Realignment in California comes at a time when the state’s prison system is expensive and overcrowded; the response has been to reevaluate and reconfigure the way counties use state prisons. Based on an original historical analysis of state archival records from the late nineteenth and early twentieth centuries, as a well as a review of secondary historical accounts of California’s prison system, I show that similar problems and policies were present at the state’s founding: issues of expense, overcrowding, and the county-state relationship help to explain the origins, size, and shape of the California prison system. California’s lack of money first drove it to try to house prisoners on the cheap, starting when it made county jails the state prison system by fiat, continuing through a decade of privatization and convict lease arrangements in San Quentin, and concluding with a state-administered system partly funded by prison labor. By the time the value of prison labor atrophied and the true costs of a nonremunerative prison system revealed itself, the state was locked into fiscal and administrative responsibility for prisoners. Along the way, however, state and local governments sought to pass carceral responsibilities—and their attendant expenses—from one level of government to another in a manner that resembles today’s battles over Realignment.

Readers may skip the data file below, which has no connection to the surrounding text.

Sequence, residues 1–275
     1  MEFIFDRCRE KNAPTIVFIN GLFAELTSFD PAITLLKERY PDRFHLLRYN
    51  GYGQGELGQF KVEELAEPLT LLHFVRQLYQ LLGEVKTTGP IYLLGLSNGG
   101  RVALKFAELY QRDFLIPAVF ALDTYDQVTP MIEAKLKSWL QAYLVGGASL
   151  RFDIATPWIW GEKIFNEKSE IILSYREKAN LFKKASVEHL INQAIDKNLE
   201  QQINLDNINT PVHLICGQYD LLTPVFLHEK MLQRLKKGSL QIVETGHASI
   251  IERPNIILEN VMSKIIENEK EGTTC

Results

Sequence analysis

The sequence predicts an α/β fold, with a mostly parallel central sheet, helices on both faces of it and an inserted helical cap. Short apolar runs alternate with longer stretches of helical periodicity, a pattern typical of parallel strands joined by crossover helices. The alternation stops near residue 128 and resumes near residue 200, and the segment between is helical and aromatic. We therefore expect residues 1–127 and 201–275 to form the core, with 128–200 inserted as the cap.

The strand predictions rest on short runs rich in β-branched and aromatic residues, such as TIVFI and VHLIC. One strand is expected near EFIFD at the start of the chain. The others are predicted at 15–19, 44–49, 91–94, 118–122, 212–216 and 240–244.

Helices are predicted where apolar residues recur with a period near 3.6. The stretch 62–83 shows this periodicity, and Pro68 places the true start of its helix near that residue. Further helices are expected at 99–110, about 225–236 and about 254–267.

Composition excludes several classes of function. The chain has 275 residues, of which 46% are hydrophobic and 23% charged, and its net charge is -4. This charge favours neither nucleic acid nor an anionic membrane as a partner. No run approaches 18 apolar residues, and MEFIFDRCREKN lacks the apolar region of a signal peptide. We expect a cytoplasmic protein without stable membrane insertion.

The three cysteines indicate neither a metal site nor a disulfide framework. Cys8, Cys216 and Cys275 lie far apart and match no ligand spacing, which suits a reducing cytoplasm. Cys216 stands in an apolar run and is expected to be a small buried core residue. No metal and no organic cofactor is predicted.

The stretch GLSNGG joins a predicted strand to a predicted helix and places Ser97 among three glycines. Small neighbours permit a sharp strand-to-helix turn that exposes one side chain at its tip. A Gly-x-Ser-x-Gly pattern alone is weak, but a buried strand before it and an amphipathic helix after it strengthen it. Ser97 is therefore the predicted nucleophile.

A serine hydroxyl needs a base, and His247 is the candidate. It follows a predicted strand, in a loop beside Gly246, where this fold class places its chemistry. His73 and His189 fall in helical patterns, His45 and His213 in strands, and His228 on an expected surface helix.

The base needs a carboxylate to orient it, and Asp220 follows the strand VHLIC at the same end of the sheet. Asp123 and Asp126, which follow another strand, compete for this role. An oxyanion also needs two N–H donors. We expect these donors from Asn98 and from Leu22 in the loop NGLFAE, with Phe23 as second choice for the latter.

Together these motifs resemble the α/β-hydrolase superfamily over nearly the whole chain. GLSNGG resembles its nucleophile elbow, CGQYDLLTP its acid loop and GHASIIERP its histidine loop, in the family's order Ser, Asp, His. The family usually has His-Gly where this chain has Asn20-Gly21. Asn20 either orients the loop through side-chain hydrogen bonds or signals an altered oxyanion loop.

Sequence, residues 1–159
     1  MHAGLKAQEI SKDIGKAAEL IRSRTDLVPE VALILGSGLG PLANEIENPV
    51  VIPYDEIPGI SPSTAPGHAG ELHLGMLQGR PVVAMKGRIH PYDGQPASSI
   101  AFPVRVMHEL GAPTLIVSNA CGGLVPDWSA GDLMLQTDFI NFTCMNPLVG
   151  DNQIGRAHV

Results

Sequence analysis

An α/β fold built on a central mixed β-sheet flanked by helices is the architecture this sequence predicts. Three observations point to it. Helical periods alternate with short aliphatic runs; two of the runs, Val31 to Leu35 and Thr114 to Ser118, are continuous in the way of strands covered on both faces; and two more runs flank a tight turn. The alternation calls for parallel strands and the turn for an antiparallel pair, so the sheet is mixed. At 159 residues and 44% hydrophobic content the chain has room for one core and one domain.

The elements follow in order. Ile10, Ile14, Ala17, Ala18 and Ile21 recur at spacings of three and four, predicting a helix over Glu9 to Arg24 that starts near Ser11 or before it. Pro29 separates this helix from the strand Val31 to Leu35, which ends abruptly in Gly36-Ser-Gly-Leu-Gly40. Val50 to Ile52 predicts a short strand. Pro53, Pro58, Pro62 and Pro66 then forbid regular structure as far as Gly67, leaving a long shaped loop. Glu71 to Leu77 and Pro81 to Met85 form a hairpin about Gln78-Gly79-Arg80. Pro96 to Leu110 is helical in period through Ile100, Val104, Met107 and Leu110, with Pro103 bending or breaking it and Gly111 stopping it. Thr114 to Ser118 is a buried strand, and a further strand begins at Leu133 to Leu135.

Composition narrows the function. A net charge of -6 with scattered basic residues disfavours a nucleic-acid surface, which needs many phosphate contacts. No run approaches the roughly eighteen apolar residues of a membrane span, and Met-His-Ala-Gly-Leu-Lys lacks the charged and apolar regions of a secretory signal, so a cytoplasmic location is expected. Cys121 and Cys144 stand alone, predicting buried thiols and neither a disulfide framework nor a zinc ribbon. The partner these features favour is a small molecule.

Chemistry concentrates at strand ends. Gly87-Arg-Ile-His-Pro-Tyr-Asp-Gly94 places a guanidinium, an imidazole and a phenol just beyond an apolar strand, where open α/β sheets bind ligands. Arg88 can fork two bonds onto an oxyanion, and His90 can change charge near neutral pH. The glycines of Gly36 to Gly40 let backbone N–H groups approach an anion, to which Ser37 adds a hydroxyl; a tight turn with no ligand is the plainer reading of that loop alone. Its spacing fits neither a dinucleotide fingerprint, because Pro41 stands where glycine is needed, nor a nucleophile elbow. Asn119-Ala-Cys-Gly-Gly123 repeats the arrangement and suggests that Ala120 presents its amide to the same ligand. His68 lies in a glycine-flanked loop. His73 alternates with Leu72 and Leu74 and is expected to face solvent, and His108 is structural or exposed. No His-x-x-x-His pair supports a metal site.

W. David Ball,
“A False Idea of Economy”: Costs, Counties, and the Origins of the California Correctional System
, 664 Ann. Am. Acad. Poli. Sci. 26
Available at: https://digitalcommons.law.scu.edu/facpubs/967